Can you open up a bit about your work and career? We’re big fans and we’d love for our community to learn more about your work.
Thank you for asking! I’d love to talk about the cover art for “The Fool in the Corn.” I’ve been playing in color with tarot concepts for about eight years now alongside my students, and I’ve been gradually creating tarot card art towards building my own deck. But I often think of each design as a tarot improvisation. So for example, the artwork on my “Heart’s Compass Tarot” book, which is an image of a candle at the very center of a heart, with compass points—is an image that resonated for me as an expression of the Fool card in the Tarot. I felt my heart traveled north, south, east, and west on a series of misadventures, some more foolish than others. But while drawing that image, and putting that gentle candle in the center, I began to experience a sense of compassion and forgiveness for myself.

That symbol, and that sense of forgiveness, helped me as I revised my poems for the new collection about my time in the cornfields; might it be true that all of us are foolish but loveable, from the commune leader to my parents to any of us trying to face life. And when it came time to choose cover art for “The Fool in the Corn,” I originally asked my youngest son to don a cape, sling a dream bag over his shoulder, clutch a walking stick, and hold aloft a sunflower from my daughter’s garden; we took a whole slew of photos. We also looked at some beautiful photographs of the moon and owls taken by my godfather. We mulled it over at Saddle Road Press, and my editor Ruth Thompson suggested I sit down and see what kind of image might come from my own art. I knew corn would feature, and I left a blank space inside the corn, and eventually the face of the girl emerged, and the three tassels of corn kind of like antennae, listening. It felt right, that the Fool was also that innocent girl, turning her face to greet the sun. I love learning; I never fail to delight in the experience of beginning again. If I trust the process, and just sit down and draw those first lines, the rest appears.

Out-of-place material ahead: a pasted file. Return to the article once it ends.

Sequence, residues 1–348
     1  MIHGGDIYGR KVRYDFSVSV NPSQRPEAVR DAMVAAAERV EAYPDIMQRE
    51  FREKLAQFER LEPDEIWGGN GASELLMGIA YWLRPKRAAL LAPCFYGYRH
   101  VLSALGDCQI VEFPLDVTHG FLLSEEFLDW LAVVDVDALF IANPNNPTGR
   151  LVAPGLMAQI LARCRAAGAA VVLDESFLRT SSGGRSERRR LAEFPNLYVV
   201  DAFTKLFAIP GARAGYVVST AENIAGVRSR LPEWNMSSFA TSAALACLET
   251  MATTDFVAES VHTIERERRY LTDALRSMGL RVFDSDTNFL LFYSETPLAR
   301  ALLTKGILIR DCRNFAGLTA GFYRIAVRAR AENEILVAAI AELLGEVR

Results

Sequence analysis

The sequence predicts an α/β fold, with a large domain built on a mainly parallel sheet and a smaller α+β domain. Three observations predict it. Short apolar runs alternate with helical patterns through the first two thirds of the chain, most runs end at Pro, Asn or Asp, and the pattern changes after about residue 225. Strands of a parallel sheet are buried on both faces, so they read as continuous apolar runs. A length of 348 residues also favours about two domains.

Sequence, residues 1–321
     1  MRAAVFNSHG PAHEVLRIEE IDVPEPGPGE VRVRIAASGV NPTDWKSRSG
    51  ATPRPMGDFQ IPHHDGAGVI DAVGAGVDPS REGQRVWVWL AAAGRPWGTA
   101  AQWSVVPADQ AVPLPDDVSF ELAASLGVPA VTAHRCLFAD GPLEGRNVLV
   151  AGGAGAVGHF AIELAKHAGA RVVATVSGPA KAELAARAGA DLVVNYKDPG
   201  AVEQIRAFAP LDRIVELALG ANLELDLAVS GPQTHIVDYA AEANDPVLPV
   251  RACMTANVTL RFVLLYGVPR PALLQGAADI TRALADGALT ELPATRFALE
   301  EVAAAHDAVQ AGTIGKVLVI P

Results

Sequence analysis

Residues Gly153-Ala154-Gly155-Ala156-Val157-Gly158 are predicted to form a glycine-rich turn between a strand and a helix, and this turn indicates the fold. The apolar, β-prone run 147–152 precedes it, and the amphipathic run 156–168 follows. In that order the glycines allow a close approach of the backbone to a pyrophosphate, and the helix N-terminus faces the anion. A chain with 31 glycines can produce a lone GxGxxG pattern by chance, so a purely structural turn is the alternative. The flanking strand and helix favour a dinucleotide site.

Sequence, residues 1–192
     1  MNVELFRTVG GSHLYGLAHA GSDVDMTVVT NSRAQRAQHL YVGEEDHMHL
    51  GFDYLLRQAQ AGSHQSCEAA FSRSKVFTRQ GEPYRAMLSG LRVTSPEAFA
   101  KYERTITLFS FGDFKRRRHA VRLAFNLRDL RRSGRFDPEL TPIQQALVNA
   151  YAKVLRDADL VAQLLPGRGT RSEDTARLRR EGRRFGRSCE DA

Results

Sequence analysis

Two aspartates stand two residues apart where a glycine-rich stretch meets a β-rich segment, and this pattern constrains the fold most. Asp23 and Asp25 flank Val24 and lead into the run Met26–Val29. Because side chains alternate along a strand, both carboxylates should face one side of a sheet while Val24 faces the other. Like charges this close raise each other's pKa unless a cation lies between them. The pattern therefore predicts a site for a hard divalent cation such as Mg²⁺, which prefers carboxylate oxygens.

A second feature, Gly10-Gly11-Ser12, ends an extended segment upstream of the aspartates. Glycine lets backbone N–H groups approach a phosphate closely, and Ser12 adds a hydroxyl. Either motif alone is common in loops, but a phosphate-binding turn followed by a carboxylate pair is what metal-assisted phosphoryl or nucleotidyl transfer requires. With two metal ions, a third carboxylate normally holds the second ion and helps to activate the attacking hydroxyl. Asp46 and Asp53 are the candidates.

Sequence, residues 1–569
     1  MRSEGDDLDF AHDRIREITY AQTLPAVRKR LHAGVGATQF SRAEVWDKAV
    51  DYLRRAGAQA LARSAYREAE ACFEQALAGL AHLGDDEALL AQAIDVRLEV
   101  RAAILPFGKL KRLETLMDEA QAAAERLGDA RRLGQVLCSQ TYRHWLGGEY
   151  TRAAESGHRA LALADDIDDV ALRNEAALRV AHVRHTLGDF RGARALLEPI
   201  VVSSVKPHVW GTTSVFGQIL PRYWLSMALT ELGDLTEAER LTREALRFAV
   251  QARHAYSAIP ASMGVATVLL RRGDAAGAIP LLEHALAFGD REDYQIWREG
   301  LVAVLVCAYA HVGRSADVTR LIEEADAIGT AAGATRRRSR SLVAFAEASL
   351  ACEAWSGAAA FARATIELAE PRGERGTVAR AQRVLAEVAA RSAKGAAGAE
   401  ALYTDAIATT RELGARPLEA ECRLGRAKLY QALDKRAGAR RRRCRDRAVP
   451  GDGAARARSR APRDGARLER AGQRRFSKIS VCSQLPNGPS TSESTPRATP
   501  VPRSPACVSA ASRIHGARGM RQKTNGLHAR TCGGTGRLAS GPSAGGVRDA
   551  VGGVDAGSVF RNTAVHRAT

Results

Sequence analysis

Let’s say your best friend was visiting the area and you wanted to show them the best time ever. Where would you take them? Give us a little itinerary – say it was a week long trip, where would you eat, drink, visit, hang out, etc.